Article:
Yet another alternative embodiment of the present invention is shown in FIG. 8. In this embodiment, the door 23 is split into two parts, 23′ and 23″ respectively. Only the upper portion 23″ is attached to the cable 25, series of pulleys 29 and the counterweight 27. Optionally the bottom portion 23′ of the door 23 is removable to give easier access to the floor 11 of the firebox 9, for example, to remove ashes.

FIG. 9 shows us yet another embodiment of the present invention, a rack 31 is attached to the floor 11 of the firebox 9. The rack 31 may be attachable and detachable form the floor 11 of the firebox 9.

An alternative embodiment is also shown in FIG. 9. In this embodiment, the rack 31 is hingedly attached to the floor 11 of the firebox. This enables a user to swing the rack out of the way when it is not required. Rack 31 is attached to shaft 33 which extends out through a sidewall of the unitary body. A lever 35 is attached to the shaft 33 and allows a user to manipulate the position of the rack 31.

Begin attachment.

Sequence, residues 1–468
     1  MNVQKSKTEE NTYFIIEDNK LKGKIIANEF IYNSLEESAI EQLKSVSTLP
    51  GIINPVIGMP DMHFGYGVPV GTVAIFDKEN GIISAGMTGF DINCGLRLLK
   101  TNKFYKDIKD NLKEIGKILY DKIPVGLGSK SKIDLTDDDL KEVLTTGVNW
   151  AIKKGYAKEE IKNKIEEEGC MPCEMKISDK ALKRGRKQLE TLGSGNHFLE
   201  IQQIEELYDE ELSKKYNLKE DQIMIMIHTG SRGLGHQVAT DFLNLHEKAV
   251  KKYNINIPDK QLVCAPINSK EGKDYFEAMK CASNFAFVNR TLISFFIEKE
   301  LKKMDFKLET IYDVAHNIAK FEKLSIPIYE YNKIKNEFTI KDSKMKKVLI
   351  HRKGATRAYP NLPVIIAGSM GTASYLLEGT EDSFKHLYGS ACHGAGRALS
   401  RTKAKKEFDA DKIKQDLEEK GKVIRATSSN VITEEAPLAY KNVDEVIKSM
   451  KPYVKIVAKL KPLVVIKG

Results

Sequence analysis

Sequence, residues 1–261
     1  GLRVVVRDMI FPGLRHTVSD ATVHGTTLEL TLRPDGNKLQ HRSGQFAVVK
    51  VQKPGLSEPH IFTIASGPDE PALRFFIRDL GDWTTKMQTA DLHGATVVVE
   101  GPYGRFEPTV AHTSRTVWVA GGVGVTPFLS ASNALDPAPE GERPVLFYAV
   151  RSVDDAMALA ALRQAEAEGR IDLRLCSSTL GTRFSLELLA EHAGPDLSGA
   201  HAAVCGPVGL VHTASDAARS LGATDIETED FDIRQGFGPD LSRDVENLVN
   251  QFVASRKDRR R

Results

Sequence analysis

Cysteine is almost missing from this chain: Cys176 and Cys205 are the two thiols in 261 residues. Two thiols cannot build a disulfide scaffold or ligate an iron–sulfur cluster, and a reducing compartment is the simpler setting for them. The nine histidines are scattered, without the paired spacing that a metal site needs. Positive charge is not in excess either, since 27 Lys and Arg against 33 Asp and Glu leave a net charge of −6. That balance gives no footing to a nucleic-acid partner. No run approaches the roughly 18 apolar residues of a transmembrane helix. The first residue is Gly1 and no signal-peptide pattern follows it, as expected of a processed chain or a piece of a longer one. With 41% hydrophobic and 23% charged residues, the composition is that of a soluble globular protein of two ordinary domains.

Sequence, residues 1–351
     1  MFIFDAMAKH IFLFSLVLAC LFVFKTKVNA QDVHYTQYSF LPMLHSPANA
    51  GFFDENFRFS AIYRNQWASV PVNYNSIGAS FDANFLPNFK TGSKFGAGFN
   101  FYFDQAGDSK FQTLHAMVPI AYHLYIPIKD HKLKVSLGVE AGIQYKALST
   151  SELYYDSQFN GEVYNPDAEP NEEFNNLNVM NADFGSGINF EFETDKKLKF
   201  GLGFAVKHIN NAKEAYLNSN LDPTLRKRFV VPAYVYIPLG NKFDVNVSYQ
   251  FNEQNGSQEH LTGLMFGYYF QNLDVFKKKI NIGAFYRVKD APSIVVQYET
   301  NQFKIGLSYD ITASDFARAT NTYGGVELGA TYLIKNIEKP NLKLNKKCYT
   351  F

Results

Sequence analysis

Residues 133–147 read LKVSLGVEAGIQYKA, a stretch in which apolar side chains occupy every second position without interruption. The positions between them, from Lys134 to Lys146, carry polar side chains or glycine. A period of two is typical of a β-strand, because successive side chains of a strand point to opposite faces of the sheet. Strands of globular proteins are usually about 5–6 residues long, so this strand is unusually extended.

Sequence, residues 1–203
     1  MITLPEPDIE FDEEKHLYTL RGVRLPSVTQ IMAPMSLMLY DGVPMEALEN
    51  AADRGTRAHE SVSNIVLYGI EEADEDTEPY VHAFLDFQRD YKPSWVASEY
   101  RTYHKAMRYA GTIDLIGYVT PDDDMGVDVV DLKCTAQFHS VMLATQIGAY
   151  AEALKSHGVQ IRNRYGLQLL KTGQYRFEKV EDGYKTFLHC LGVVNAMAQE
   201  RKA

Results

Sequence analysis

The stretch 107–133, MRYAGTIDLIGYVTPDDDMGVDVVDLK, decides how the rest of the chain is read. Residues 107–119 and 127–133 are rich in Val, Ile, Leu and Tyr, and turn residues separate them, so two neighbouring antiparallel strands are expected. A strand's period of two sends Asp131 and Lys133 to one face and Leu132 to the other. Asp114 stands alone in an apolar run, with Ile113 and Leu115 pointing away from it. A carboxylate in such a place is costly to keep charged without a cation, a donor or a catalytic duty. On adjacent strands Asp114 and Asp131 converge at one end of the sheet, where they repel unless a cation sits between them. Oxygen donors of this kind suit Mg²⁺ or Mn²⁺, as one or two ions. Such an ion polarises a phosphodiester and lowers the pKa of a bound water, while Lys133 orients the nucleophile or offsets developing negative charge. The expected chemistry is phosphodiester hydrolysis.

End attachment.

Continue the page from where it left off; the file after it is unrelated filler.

The function of the rack 31 is to orientate elongate solid fuel, such as firewood, so that it stays predominately vertical while it burns. This allows the fuel to burn more efficiently and generate less smoke.

The flue 7 is sufficiently long to ensure that any smoke rising out of the firebox is directed away from any people in the vicinity of the fireplace.

A smoke chamber (not shown) is located above the throat at the top of the firebox 9. The chamber is defined as the lowermost portion of the flue that sits immediately atop the throat. Preferably there are optional throat opening control means that enable a user to increase or decrease the opening of the throat.